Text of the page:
Answers to partially stated problems: Sammy Medina on the Chicago Architecture Biennial
Source:The Art Newspaper Author:Samuel Medina Date: 2015-12-21 Size:
“Architecture is always political.” The phrase, regardless of its many variations, is a kind of slogan in progressive architectural circles……

Bryony Roberts's project, titled We Know How to Order, with the South Shore Drill Team, for the 2015 Chicago Architecture Biennial.

“Architecture is always political.” The phrase, regardless of its many variations, is a kind of slogan in progressive architectural circles. It is a rallying cry for the young and young-ish (architects mature slowly), and it is these architects that the inaugural Chicago Architecture Biennial puts on most prominent display.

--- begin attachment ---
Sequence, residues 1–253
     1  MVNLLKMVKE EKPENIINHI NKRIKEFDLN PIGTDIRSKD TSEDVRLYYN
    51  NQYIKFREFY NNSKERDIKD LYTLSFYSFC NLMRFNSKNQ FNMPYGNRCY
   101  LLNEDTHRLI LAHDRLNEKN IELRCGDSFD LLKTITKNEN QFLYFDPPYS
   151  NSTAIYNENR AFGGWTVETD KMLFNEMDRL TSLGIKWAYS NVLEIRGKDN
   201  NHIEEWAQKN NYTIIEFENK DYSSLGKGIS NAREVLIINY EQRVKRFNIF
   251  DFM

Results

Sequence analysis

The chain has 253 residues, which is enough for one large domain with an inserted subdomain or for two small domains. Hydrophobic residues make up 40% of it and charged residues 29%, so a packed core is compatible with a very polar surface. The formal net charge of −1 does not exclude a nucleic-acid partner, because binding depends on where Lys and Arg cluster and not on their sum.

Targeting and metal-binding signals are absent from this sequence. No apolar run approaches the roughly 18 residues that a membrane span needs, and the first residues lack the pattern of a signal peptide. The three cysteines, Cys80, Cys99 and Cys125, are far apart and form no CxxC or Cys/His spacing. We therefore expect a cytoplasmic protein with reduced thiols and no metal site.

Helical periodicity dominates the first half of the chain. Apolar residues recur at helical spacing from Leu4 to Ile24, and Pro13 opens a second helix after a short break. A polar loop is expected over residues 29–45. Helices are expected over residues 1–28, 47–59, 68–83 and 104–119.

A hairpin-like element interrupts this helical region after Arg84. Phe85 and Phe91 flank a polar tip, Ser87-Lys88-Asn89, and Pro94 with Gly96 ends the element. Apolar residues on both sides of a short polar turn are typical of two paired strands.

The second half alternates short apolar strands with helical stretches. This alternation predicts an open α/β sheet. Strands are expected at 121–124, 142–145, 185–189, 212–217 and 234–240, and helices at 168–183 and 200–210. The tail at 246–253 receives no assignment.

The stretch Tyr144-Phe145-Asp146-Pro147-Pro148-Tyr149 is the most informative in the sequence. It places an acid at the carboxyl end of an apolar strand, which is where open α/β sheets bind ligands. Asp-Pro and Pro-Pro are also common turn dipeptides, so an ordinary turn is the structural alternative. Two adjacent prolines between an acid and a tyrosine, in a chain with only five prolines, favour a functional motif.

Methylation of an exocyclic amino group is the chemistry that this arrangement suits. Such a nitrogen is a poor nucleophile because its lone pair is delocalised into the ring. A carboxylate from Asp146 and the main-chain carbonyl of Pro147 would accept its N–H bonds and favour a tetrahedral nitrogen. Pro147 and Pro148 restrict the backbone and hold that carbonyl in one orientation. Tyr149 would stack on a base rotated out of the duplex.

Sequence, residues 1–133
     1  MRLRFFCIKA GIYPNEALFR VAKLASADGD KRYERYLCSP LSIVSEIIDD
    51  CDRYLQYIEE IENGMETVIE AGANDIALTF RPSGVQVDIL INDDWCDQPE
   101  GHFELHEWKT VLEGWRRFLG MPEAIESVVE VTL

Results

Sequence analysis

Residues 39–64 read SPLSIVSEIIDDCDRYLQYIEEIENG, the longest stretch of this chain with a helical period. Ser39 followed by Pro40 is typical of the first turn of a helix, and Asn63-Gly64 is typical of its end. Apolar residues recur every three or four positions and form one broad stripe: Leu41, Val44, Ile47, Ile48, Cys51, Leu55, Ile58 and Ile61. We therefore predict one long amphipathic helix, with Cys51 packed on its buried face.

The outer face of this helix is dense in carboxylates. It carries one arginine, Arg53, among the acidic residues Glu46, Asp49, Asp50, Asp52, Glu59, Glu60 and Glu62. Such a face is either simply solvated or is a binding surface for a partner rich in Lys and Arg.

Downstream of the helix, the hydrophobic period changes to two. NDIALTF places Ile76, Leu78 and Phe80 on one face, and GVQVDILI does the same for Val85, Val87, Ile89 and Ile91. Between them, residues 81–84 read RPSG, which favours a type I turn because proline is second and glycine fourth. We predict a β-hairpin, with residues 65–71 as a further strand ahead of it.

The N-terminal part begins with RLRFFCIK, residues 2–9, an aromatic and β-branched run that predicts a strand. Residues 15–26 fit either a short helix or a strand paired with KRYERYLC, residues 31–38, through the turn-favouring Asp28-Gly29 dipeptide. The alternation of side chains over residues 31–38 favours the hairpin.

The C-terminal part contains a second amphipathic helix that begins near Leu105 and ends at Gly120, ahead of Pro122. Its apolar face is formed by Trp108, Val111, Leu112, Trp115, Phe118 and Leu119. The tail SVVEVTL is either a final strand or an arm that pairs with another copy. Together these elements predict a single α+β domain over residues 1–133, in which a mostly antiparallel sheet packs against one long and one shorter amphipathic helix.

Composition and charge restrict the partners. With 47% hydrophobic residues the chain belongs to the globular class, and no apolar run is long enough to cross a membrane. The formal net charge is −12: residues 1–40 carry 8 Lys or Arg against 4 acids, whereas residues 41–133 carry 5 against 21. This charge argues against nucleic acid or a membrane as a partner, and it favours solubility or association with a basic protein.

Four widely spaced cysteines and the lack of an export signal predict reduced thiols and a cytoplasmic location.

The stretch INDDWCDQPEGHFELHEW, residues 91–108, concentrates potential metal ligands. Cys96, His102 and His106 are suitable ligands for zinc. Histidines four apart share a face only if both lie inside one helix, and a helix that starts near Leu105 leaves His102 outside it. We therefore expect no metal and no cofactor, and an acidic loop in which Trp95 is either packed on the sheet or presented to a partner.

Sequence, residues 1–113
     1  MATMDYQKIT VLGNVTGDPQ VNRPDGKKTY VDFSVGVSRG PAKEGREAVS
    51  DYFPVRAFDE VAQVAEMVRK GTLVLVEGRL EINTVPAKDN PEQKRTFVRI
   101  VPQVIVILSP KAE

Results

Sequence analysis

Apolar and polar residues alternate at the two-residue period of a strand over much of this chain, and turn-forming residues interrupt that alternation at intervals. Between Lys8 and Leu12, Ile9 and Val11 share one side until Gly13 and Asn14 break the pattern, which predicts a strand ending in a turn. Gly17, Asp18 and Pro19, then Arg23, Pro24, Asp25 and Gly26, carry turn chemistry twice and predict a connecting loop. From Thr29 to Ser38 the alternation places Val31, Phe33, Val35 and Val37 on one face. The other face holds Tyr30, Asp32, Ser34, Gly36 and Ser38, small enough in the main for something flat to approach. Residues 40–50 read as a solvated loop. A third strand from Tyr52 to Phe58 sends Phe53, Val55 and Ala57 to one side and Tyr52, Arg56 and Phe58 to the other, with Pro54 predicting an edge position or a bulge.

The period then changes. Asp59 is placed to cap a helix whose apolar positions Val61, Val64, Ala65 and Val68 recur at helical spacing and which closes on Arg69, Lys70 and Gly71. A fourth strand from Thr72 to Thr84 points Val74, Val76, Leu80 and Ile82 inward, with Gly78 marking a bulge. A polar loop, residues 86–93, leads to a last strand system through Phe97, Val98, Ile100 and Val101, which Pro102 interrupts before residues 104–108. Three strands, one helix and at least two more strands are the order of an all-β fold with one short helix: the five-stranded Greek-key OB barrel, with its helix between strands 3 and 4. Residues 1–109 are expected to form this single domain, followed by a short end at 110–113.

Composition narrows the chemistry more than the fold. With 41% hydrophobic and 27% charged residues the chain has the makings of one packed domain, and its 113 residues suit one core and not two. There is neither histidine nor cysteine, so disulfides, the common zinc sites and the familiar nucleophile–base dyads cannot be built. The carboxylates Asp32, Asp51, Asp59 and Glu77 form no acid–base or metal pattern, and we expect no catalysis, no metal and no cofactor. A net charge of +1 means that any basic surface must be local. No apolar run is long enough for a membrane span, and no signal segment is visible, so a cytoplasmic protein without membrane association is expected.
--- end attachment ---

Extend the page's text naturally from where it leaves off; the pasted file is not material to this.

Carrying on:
Officially, there are no claims that directly position the biennial as a foil to the Venice Architecture Biennale, which was founded in 1980 to herald architectural postmodernism. The Chicago curators, Joseph Grima and Sarah Herda, instead, have upstart intentions. Here, unlike in Venice, there are no national pavilions. There are only a handful of recognisable architects involved. Admittance is free. And in lieu of an overriding theme, there is a wilfully ambiguous non-theme: the State of the Art of Architecture. The title is taken fr om a 1977 conference held at the Graham Foundation, where Herda is the current director, which sought to expose the hollow corporate core of modernist architecture and replace it with a promiscuous building vocabulary; it ended up prefiguring postmodernism’s victory lap in Venice three years later.